I started writing graffiti in Barcelona in the early 90s. I didn't use the name Justin Case back then, in those days we used short names like "Kool," "Capi" or "Mast." I chose the name "Fazy." I wasn't really interested in art, I was more worried about writing my name on walls and trains. Graffiti is about looking for recognition inside the movement, writers don't care so much about what the outside world thinks about it.

Photography for me was just a tool to document my pieces before they disappeared. You never knew how long a graffiti piece was going to last, it could be buffed by the cleaning squad or capped by another writer with whom you didn't have a specially good relationship. So taking a picture of the piece was something important for us.

We didn't care much about the lighting or the general quality of the photos. We normally took them by night right after finishing the piece. It was just like a record, a proof: "I've been here," "I've done this." We liked to pose next to the finished piece, so in many cases we didn't even take the pic ourselves, but some friend who was painting with us that night. We used cheap point-and-shoot cameras. There were no digital cameras in those days, so you couldn't see the photos until the roll was finished and you took it to be developed, and you couldn't edit the photos once they were developed. There was no Internet or social networks to share your pictures either. Everything was quite different back then.

Justin Case (aka Fazy) - Streets of Barcelona - 1992

 After a while, I started taking pictures of my friends' pieces too, and also of my friends "in action" (that is, painting). I thought it was interesting to document also the process of making a graffiti piece, not only the outcome.

Some years later, when the Internet arrived to my house, I had a collection of thousands of pictures of graffiti and street art, so I decided to open a Flickr account and share them with the world. I didn't have any problems with the pictures of the finished pieces, but when I started uploading pictures of my friends "in action," some of them asked me to censor them. Graffiti is illegal and some people consider it an act of vandalism. In some countries you can even go to jail for it. So many writers don't want their faces around the Internet. This was a challenge for me, because I don't like the concept of censorship itself, and pixelating their faces made all my photos look like police records with some criminals in them. So I started experimenting in search of a way to hide their faces without really censoring them.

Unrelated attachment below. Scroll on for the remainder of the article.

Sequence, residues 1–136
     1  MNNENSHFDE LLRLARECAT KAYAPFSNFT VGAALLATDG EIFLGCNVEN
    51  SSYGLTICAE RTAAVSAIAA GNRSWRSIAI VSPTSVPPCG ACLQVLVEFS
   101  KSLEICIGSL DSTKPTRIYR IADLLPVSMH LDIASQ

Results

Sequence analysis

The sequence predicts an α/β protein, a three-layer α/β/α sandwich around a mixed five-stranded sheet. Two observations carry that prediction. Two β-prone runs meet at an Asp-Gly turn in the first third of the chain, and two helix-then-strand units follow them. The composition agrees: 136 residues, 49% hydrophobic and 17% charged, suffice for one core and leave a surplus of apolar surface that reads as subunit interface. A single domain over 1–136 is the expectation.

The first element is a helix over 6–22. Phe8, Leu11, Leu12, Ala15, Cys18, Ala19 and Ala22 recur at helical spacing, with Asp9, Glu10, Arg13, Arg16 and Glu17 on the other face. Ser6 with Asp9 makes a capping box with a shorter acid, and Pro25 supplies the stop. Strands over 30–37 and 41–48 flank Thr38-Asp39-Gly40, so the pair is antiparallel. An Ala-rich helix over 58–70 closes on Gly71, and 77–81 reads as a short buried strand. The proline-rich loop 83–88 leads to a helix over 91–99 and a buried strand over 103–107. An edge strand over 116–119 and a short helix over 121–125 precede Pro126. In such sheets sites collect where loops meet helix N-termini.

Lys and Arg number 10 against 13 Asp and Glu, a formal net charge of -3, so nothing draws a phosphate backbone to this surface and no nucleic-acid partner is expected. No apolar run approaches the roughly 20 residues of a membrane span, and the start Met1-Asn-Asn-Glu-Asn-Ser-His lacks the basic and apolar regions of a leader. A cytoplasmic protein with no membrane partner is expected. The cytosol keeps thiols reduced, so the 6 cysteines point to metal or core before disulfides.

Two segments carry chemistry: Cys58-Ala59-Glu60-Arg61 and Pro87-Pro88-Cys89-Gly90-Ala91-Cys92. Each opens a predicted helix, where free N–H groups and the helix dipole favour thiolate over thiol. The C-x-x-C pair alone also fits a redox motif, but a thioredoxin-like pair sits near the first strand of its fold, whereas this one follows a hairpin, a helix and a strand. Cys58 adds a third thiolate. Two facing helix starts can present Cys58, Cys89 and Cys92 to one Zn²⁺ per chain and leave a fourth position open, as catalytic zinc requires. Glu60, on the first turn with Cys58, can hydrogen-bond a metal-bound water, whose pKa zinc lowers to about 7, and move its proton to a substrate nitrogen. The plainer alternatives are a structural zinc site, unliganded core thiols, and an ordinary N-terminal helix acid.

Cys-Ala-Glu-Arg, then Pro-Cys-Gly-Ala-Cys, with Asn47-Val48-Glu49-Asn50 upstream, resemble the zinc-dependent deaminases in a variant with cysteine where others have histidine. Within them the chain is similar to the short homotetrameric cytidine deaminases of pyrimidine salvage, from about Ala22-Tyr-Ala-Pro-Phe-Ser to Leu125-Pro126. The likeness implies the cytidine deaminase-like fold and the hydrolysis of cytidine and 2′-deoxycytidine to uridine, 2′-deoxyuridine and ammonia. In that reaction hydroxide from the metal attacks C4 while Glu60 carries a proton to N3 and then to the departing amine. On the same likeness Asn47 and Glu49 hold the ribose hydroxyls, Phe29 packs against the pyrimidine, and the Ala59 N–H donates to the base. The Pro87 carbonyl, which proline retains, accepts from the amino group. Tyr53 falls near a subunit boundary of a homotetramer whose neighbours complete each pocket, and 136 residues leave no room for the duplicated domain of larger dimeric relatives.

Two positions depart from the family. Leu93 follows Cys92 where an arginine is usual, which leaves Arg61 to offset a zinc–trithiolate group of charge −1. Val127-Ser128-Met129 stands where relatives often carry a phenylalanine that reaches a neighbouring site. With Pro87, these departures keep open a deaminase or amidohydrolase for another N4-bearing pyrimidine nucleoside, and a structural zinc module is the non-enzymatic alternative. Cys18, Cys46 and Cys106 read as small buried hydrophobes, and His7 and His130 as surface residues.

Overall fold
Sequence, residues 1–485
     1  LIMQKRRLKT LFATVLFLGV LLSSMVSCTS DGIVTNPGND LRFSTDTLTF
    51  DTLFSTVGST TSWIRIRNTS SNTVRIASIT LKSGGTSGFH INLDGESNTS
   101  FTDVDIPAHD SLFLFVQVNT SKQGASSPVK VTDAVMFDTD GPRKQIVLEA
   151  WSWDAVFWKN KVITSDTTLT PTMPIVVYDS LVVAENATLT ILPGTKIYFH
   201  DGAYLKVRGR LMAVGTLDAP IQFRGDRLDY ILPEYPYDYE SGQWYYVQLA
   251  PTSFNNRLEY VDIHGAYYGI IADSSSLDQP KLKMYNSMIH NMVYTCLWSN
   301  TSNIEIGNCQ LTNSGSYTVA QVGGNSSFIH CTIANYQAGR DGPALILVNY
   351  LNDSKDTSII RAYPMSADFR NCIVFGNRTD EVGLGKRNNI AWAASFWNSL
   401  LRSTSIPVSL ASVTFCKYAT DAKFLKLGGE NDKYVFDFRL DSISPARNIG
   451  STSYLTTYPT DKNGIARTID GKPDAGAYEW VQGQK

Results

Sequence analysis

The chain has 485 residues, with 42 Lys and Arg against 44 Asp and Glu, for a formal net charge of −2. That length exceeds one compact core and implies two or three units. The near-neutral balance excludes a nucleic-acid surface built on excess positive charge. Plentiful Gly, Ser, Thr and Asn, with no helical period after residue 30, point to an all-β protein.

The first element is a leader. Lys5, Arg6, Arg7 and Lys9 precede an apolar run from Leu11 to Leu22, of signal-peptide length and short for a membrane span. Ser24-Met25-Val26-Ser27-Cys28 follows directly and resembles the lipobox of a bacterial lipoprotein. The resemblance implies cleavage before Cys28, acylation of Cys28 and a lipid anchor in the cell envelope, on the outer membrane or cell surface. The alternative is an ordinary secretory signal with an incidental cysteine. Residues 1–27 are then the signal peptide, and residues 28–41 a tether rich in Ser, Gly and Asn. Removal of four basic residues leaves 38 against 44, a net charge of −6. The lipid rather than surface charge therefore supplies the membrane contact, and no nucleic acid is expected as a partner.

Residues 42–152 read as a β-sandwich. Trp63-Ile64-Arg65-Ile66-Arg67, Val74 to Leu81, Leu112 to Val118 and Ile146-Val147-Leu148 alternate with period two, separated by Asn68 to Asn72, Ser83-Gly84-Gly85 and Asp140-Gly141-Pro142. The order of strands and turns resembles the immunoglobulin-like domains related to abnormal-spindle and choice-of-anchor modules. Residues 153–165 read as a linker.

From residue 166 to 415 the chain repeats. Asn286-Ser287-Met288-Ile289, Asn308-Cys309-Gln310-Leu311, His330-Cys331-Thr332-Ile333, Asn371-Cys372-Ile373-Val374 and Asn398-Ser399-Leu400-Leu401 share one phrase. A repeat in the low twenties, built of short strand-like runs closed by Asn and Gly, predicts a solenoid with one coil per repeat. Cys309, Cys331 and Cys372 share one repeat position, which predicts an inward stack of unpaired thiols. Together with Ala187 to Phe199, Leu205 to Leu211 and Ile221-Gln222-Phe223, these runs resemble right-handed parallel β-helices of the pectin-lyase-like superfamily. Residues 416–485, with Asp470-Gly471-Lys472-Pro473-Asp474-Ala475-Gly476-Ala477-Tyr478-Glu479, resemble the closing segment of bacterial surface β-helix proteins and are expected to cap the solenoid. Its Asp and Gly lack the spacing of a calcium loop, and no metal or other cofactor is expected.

After trying different ideas I came up with the perfect solution: to cover their faces with their own characters!

Fragil in action - Difusor Festival - Barcelona - 2007

Most graffiti writers and street artists make characters, so I just had to copy and paste them on top of their heads.

At the beginning I didn't pay much attention to the angle of the face or the integration of the images. It was just a quick way of covering their heads that could be done in five minutes before publishing the picture.

But after some time I started discovering the secrets of Photoshop and devoting more time to fusing the artists with their characters. Taking into account things like the orientation of the face or the integration of the arms. I got myself a reflex camera, and started thinking more about each portrait, talking to each artists about different ideas before shooting. The portraits became a collaboration with each captured subject.

Coolture, Olivia & Dr Case - Chernobyl Walls - Barcelona - 2007

Instead of just taking a quick picture of the artist in action, I went to their houses and studios to capture them in their natural habitat, surrounded by their tools and artworks.

This allowed me to take pictures of the artist and the character (from a painting, illustration, toy, etc.) the same day, with the same camera and the same light. Even if I used a digital illustration that could be easily sent by mail I took pictures of it in the same place. This is very important for me to prevent frustrating situations of nearly-impossible color and light integration I have experienced in the past with pictures of characters provided by the artists.

Taking pictures of Emilie Steele - Artist House - Stockholm - 2016

Knowing which character I was going to use for the symbiosis beforehand also allowed the artists to copy the pose, this made the postproduction work in Photoshop a lot easier for me.

I started taking pictures of artists I had never met before, not just friends or friends of friends. With the arrival of social networks, it was very easy for me to contact any artist and show them the project so they could see what I do before subjecting themselves to my experiments.

One day I decided it made no sense to constrain the project to graffiti writers and street artists. I don't like limitations, especially the ones we put upon ourselves. So I started portraying artists from different scenes. From art-toy designers to 3D modelers, pop surrealists or tattoo artists. The project started growing, when I traveled to any city I contacted the local artists to take pictures of them.

Full team in action taking pictures of Tara McPherson - New York - 2019

And this is the way this project that started as a way of preserving the anonymity of graffiti writers and street artists on the Internet, ended up transforming me into an itinerant digital surgeon that still today continues looking for artists willing to subject themselves to his photographic experiments voluntarily.

But this is just the beginning of my journey. After a while, I realized my digital photo-composition techniques allowed me to capture more than just the physical appearance of the artists. So I started trying to capture their whole world, their ideas, their philosophies of life and their messages. This is how a whole new dimension of the project started: The Occult Meaning of Symbiosis.